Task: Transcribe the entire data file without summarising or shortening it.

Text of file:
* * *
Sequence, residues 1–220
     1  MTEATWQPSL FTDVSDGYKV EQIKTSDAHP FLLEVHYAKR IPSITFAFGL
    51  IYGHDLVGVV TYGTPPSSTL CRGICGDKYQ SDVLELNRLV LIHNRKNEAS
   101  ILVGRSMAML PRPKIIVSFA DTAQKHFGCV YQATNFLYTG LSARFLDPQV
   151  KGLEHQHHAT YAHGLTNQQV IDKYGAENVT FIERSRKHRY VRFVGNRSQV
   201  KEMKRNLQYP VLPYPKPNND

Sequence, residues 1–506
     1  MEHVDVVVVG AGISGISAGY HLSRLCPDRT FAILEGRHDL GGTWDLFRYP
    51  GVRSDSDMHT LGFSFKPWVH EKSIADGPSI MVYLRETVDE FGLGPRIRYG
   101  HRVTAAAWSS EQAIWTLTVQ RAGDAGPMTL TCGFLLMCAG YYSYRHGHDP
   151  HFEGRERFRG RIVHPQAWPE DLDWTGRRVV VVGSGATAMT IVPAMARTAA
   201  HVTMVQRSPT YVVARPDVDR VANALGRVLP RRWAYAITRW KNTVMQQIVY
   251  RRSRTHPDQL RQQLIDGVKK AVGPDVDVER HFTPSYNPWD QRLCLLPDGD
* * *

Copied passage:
Sequence, residues 1–220
     1  MTEATWQPSL FTDVSDGYKV EQIKTSDAHP FLLEVHYAKR IPSITFAFGL
    51  IYGHDLVGVV TYGTPPSSTL CRGICGDKYQ SDVLELNRLV LIHNRKNEAS
   101  ILVGRSMAML PRPKIIVSFA DTAQKHFGCV YQATNFLYTG LSARFLDPQV
   151  KGLEHQHHAT YAHGLTNQQV IDKYGAENVT FIERSRKHRY VRFVGNRSQV
   201  KEMKRNLQYP VLPYPKPNND

Sequence, residues 1–506
     1  MEHVDVVVVG AGISGISAGY HLSRLCPDRT FAILEGRHDL GGTWDLFRYP
    51  GVRSDSDMHT LGFSFKPWVH EKSIADGPSI MVYLRETVDE FGLGPRIRYG
   101  HRVTAAAWSS EQAIWTLTVQ RAGDAGPMTL TCGFLLMCAG YYSYRHGHDP
   151  HFEGRERFRG RIVHPQAWPE DLDWTGRRVV VVGSGATAMT IVPAMARTAA
   201  HVTMVQRSPT YVVARPDVDR VANALGRVLP RRWAYAITRW KNTVMQQIVY
   251  RRSRTHPDQL RQQLIDGVKK AVGPDVDVER HFTPSYNPWD QRLCLLPDGD